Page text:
When is a dividend illegal?

Contractor's Question: I want to continue to ensure that dividends I take from my limited company are drawn legally amid reports that the taxman is aware that a growing number are unlawful. So what constitutes an illegal dividend, and is it possible to draw a dividend that, although lawful, is ill-advised?

Expert's Answer: There are two instances where a dividend payment is illegal. The first is where the relevant paperwork is not correctly drafted. To avoid this, limited company owners might take advice from an accountant or solicitor to ensure that the correct paperwork is drafted to declare the dividend and to get the bill resolution.

The second instance, which is the more typical example of where dividends are unlawful, is where there is not sufficient retained profits in the company to pay the dividend. The same can be said for director loans, in that the loan taken out would be deemed illegal because it effectively makes the company insolvent.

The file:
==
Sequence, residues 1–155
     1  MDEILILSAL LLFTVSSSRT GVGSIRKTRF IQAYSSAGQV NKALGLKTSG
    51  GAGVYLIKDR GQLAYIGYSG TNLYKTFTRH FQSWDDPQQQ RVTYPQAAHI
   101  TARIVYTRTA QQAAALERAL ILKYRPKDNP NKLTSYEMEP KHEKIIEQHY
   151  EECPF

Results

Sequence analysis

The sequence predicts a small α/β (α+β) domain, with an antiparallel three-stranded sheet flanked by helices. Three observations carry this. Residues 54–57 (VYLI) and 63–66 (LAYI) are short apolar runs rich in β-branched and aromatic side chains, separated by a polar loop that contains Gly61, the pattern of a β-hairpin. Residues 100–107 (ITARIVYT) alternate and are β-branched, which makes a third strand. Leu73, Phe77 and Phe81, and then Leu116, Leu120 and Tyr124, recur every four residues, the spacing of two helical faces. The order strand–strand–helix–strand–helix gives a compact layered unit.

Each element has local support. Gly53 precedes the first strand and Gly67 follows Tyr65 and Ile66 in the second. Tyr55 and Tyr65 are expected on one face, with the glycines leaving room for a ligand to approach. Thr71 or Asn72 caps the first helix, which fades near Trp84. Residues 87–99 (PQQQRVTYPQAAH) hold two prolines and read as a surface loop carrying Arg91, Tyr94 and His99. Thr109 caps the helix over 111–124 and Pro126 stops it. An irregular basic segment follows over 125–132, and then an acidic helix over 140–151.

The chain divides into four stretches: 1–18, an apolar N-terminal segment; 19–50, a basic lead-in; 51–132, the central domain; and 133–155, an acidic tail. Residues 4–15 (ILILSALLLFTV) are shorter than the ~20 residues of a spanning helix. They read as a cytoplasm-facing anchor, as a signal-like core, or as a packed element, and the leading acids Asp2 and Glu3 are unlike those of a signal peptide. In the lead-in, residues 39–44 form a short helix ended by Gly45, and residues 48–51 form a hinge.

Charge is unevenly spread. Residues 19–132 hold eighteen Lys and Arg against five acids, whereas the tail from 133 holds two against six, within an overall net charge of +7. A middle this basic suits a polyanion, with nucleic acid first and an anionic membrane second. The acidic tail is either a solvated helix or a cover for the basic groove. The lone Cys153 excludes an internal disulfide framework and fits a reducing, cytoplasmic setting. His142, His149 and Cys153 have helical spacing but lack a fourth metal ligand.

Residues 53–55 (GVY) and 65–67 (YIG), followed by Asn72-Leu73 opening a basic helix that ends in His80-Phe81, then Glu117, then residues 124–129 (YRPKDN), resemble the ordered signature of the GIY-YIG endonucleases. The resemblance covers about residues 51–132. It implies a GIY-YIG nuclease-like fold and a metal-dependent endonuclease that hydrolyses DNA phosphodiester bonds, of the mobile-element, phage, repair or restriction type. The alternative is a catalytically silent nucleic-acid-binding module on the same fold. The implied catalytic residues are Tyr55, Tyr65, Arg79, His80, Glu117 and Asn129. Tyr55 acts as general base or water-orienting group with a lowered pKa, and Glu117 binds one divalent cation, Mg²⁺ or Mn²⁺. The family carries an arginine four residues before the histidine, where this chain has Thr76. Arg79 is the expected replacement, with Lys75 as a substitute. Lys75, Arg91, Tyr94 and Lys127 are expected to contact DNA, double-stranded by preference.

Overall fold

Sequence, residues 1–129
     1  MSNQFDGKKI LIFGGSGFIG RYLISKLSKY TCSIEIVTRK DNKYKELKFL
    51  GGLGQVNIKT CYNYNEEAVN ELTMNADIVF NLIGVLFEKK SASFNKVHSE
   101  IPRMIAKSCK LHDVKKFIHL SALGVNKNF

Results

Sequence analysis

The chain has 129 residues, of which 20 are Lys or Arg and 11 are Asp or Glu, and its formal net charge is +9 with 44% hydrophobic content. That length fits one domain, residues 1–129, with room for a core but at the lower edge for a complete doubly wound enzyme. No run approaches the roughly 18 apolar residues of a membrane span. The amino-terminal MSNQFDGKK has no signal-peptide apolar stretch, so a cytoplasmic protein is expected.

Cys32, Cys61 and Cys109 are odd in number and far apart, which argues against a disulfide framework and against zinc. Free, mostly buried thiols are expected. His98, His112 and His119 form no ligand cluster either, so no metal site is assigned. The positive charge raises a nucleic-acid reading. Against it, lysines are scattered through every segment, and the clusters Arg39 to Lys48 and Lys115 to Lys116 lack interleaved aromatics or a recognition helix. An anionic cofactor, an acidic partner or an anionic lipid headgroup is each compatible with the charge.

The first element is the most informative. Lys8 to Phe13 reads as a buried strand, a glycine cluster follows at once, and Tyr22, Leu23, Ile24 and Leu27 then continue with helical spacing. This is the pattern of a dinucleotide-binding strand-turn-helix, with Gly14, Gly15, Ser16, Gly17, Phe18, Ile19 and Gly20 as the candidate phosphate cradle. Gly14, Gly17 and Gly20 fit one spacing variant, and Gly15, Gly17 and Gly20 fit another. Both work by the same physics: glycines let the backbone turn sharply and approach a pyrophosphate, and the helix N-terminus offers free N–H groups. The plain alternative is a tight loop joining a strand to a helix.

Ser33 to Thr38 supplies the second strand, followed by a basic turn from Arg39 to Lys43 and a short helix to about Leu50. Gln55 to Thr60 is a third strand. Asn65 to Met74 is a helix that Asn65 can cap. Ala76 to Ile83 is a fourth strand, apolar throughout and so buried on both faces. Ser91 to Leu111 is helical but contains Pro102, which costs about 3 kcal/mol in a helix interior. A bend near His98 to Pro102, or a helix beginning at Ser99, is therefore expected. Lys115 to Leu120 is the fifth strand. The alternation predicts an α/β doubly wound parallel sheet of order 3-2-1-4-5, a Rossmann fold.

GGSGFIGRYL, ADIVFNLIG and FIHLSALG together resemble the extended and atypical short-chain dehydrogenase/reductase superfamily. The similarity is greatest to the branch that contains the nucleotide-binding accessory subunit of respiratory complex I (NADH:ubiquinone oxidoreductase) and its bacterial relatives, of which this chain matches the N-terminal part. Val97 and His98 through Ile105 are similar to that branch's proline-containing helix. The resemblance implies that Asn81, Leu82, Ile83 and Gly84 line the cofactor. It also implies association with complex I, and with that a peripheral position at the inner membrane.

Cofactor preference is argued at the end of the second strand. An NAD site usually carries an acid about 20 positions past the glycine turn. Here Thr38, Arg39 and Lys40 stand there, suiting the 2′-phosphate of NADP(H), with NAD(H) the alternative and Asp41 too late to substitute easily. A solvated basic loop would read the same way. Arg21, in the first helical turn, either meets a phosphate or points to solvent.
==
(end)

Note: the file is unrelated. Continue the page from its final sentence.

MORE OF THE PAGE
The trouble is that until you administer the company's full accounts, you can't be absolutely certain that the dividend is foolproof. It follows that an ill-advised dividend would likely be paid where a company is starting to struggle for cash. For a company in such a situation, it is recommended to get the company's accounts up to date first before looking at the size of dividend that you can declare. At this assessment stage, you need to ensure that the dividend, due to its value/size, will not prohibit you from paying creditors, because you can't leave the creditors unpaid and still take money out of the company for yourself.

The expert was Keith Stevens, partner of Wilkins Kennedy.